Z Gastroenterol 2013; 51 - K229
DOI: 10.1055/s-0033-1352869

Overexpression of heat-shock protein 27 (HSP27) increases gemcitabine sensitivity in human pancreatic cancer cells through cell cycle arrest and apoptosis

Y Guo 1, A Ziesch 1, EN De Toni 1, E Gallmeier 1
  • 1Klinikum Großhadern, Ludwig-Maximilians-Universitaet Muenchen, Medizinische Klinik 2, München, Germany

Aims: We previously established a role for HSP27 as a prognostic and predictive marker in pancreatic cancer: Tissue-microarray studies showed increased HSP27 expression in pancreatic cancer specimens to be associated with better patient survival, while HSP27 overexpression unexpectedly increased susceptibility specifically towards gemcitabine in a pancreatic cancer cell line model.

Purpose: To further elucidate the underlying mechanisms of HSP27- mediated gemcitabine sensitivity in pancreatic cancer cells.

Methods: Cell cycle analyses (FACS), apoptosis assessment (FACS, nuclear staining, immunoblotting, mitochondrial membrane potential), drug sensitivity studies (proliferation assays).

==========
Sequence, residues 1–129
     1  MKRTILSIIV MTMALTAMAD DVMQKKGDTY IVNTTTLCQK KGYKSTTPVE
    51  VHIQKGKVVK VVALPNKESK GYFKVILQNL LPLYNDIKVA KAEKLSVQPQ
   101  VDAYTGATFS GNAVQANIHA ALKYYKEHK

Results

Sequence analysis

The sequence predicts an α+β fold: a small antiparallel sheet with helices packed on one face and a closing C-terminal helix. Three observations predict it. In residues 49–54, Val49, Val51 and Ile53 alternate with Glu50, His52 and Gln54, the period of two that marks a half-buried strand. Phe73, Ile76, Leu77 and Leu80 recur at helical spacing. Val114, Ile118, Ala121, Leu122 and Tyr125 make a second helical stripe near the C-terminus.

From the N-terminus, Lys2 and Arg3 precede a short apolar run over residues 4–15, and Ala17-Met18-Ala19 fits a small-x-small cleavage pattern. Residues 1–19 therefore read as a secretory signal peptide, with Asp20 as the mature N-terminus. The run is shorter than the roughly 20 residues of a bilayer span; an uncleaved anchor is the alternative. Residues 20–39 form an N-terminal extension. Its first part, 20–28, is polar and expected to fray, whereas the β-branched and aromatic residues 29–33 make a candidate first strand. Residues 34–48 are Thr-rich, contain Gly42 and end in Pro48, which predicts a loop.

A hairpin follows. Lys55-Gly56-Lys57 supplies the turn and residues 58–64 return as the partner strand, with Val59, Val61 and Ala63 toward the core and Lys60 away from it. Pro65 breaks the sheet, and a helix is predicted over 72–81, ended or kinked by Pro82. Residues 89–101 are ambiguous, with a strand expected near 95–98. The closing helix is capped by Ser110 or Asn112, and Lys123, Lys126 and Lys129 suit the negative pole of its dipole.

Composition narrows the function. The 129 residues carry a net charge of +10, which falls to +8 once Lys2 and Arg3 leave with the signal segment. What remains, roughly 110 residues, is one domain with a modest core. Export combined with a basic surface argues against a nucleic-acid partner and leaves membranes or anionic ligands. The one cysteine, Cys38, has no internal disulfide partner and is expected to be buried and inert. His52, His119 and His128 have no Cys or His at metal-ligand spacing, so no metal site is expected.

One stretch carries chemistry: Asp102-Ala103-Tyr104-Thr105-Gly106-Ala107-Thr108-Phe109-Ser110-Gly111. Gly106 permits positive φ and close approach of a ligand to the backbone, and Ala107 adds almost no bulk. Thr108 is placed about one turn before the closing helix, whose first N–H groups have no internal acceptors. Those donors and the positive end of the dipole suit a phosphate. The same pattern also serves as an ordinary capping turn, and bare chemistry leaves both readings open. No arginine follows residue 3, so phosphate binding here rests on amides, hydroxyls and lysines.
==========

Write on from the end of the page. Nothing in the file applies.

Results: Upon gemcitabine treatment, stably HSP27-overexpressing cell clones displayed increased cell cycle arrest in S-phase followed by increased apoptosis as compared to isogenic control cells. Apoptosis (˜80%) was quantitatively and qualitatively validated by an increased subG1-fraction, mitochondrial membrane potential loss, caspase activation, upregulation of pro-apoptotic proteins and was blocked through treatment with caspase inhibitors. Additionally, heat shock-induced acute HSP27 upregulation also increased gemcitabine sensitivity in pancreatic cancer cells, amounting to at least additive if not synergistic effects. Interestingly, HSP27-overexpressing cell clones displayed increased sensitivity also towards direct receptor-mediated apoptosis via treatment with TRAIL-receptor targeting agents, establishing more specifically a pro-apoptotic function of HSP27 in pancreatic cancer cells.

Conclusion: In contrast to the well-established anti-apoptotic role of HSP27, our data point at less well-understood pro-apoptotic roles of HSP27 in certain subsets of cancer cells, which could have direct clinical implications: First, HSP27 could represent a predictive marker of therapeutic response and a tool for stratification of pancreatic cancer patients. Second, our data further substantiate the molecular basis for ongoing clinical studies applying the combination of gemcitabine and HSP27-modulating regional hyperthermia for the treatment of pancreatic cancer.